PC, notthat money should have value. You know, that old ‘be a mutually acceptable easily exchangeable ready-use store of value’ sort of thing. Real value, objective value. Enduring value.

It did/was, once, too … back when money meant gold and suchlike.

The world has moved on since then and money nowadays is either:

(a) very rarely seen, or

(b) never seen.

But don’t get me started—been there, done that—now quietly coasting to the finish line and hoping that ‘money’ doesn’t achieve its true worth in the years I have left. Brrrr.


is triggered by this article—

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Screen Shot 2018-11-23 at 10.47.50.png

—from this morning’s New Zealand Herald (online).

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When money was money (was too, once. Several times …) you (meaning they) couldn’t fiddle about with it. Not too much.

An ounce of (say) gold was an ounce of gold, end of story: it was the same ounce in the US or Russia or Afghanistan or Mombasa or Antarctica … (and fortunes could be made by the astute exchanging their cheap junky trinkets for someone else’s cheap junky metal).

Voluntary exchange to mutual satisfaction? Aaaahhhh … free market*


*  (Forgive me, Lords, for I have used a naughty four-letter word).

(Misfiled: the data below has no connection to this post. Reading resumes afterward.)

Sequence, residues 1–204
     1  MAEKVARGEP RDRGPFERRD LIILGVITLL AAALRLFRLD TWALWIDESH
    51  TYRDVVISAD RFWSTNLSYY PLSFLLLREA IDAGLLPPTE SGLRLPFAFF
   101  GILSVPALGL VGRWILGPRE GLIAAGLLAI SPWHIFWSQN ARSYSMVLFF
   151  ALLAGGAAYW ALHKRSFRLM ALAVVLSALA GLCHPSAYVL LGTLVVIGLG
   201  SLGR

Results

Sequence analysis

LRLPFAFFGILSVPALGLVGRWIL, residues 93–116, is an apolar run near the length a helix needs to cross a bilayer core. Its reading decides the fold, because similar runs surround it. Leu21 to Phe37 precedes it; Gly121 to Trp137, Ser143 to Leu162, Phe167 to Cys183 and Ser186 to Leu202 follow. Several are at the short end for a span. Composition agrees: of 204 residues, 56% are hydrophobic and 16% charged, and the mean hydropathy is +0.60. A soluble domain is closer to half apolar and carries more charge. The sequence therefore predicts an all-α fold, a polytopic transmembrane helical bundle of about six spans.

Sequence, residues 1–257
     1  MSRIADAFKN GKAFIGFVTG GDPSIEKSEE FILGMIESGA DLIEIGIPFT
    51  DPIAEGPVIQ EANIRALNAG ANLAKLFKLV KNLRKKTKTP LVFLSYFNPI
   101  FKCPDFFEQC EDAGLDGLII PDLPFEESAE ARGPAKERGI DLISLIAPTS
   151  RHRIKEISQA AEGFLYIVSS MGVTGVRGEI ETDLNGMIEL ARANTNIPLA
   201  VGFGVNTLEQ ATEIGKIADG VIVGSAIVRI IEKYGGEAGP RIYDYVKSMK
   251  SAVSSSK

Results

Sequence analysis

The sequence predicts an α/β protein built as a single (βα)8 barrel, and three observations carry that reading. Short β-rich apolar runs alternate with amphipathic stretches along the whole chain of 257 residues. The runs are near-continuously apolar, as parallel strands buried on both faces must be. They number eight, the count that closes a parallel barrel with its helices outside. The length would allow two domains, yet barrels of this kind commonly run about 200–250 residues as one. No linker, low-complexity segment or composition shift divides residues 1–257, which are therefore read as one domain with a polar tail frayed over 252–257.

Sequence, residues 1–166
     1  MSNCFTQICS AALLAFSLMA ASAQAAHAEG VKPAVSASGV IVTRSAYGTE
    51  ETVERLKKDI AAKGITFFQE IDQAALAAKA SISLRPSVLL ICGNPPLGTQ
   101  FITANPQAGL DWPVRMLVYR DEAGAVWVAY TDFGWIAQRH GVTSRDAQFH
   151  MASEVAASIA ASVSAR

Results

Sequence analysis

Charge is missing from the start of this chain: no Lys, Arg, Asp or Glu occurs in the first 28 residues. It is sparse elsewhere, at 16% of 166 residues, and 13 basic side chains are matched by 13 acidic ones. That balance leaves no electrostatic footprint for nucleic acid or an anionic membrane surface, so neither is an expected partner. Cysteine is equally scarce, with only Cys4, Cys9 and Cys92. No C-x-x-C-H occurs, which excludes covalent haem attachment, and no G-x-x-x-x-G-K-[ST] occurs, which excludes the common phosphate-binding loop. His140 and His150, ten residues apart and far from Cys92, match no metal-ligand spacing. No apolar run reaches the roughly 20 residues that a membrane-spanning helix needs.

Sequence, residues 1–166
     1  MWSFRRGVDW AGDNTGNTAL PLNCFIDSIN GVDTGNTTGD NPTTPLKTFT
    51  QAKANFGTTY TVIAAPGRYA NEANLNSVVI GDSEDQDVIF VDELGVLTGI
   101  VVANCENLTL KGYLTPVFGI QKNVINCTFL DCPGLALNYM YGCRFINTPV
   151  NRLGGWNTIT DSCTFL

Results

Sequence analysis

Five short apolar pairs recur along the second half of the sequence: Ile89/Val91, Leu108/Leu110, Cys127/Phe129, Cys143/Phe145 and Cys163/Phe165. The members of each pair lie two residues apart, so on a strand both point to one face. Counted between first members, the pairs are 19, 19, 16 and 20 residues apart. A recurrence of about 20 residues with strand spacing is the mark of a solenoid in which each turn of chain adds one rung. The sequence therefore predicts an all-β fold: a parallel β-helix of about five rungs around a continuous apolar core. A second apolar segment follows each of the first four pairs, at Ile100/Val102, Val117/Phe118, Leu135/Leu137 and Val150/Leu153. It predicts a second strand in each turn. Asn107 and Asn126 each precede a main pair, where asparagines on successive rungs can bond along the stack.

3 thoughts on “THERE WAS A TIME

  1. And precious metals keep up with inflation. A 1946-1964 circulated silver dime is now worth $2. A 1965 clad dime…still 10 cents. Certainly would’ve made retirement easier to leave the gold standard.


    1. At various times in various places ‘money’ has diminished in purchasing power (!).
      I posted several times that photo of the Zimbabwe (what was it, exactly? I lost track with all the zeroes) “hundred trillion dollar note” (of which one needed a whole barrow full to buy the matches to burn them with). Same-same in many countries at different times (Germany just after WW2 being a prime example).

      Now try that with gold, or silver … when TSHTF anything of value becomes currency—and what makes it ‘valuable’? Perhaps we need freedom; to pick and choose our everyday ‘means of exchange’ rather than have the government impose it on us. (If ever that happened good ‘money’ should drive the bad under the carpet*.)

      * Not. Gresham’s Law would kick in … people tend to hold on to the good and use the bad.

      Liked by 1 person

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